The Organic Acids Test with a Focus on the Bacterial Metabolite Section


Kurt Woeller, DO, FMAPS


Digestive bacterial markers on the Organic Acids Test (OAT) do not typically get as much attention compared to the clostridia toxins such as 4-Cresol and HPHPA. However, there are some important clinical considerations to pay attention to when markers in the Bacterial Metabolite section of the OAT show up elevated.

Q: Can the Hippuric levels be an indicator of mold mycotoxins? 

A: Not that I am aware of.


Q: Can Hippuric acid result from Lyme and other co-infections – bartonella, mycoplasma. i.e. Is this a non-discriminate marker? 

A: I am not aware of any information showing these infections directly generating hippuric acid. 


Q: What was it that indicates bacterial overgrowth? 

A: Elevated levels within the Bacterial Marker section of the Organic Acids Test, particularly markers #10 – #13.


Q: High level of vanilmandelate can be due to ochratoxin? 

A: Ochratoxin A is a known inhibitor of phenylalanine hydroxylase which could lead to low dopamine. Low dopamine could lead to low homovanillic acid (HVA). Low vanillylmandelic acid (VMA) is often seen with dopamine beta-hydroxylase (DBH) inhibition by clostridia bacterial toxins. A mycotoxin from fusarium mold called fusaric acid is a DBH inhibitor.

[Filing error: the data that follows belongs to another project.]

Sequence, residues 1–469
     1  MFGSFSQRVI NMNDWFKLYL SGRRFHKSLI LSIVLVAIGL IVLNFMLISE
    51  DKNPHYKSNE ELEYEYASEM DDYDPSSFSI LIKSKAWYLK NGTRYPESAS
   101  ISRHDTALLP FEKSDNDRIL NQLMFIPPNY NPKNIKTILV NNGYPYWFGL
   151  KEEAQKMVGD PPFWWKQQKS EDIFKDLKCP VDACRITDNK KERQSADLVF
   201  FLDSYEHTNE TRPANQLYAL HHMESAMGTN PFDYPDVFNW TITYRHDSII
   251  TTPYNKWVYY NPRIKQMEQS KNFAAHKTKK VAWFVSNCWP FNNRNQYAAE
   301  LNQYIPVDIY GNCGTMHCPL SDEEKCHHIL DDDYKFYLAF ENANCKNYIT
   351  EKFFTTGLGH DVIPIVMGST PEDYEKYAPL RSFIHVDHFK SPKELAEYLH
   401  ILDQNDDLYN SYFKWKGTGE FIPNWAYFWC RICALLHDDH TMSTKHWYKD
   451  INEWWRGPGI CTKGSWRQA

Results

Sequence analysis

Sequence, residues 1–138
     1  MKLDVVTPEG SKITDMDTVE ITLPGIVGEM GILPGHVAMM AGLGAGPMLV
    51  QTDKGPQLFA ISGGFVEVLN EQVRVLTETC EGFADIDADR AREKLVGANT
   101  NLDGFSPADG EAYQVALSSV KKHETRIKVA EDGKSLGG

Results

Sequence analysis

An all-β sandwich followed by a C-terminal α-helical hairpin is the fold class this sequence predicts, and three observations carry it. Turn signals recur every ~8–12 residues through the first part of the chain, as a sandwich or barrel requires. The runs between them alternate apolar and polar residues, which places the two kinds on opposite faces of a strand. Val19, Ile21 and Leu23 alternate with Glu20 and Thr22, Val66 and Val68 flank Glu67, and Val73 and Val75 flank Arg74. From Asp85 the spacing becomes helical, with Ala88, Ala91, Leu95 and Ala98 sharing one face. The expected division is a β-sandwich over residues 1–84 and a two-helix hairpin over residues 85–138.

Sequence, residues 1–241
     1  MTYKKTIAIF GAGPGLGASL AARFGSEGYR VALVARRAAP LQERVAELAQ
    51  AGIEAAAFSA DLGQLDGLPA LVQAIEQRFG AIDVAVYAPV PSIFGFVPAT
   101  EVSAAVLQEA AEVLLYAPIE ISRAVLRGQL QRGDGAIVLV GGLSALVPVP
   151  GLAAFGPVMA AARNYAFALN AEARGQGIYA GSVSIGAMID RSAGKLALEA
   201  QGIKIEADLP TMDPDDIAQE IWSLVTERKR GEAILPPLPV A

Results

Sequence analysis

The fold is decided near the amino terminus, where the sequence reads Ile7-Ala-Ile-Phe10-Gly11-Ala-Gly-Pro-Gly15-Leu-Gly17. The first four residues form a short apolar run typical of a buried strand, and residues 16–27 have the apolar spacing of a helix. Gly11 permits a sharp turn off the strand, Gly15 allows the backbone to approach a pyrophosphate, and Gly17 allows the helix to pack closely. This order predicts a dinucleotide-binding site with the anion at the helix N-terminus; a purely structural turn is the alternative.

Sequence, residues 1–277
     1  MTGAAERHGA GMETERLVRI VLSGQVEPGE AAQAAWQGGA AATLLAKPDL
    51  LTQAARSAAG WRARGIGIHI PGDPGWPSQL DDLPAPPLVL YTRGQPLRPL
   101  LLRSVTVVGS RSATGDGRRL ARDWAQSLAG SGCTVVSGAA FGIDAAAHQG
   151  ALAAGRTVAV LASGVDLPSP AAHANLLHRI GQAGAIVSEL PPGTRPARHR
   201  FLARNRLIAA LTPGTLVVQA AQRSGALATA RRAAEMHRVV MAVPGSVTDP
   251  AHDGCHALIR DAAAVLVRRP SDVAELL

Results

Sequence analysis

Q: My DC interpreted my high bacterial markers as bacterial overgrowth and suggested I avoid probiotic supplementation. However, I don’t have any signs of overgrowth in small intestines, and there are so many benefits to probiotics. What would you suggest? 

A: The elevated bacterial markers on the Organic Acids Test (OAT) are often benefitted with probiotic use. Each person is different with regards to their reactivity to probiotics. For example, some people with small intestine bacterial overgrowth (SIBO) do not tolerate probiotics early on in their treatment, but this does not mean everyone needs to avoid probiotics who have elevated OAT bacterial markers.


Q: If hippuric acid is elevated, should I tell patients not to drink coffee for 3 days? So, it can be ruled out and hone in on toluene as the cause of elevation and not from coffee? 

A: It is more than coffee consumption that could generate high hippuric. There are lots of vegetables and fruits containing chlorogenic acid that get converted into hippuric acid. My recommendation is to follow the directions in the organic acids test urine collection instructions. It will provide a list of foods to avoid.


Q: Any significance of extra low hippuric acid? 

A: Not entirely sure. Maybe it could be linked to poor glycine conjugation and/or very low consumption of chlorogenic and/or benzoic acid containing foods?


Q: Could high 4-hydroxyhippuric also be due to eating daily blueberries? 

A: Yes


Q: Does high tartaric and arabinose come from mold? Can it resolve with probiotics?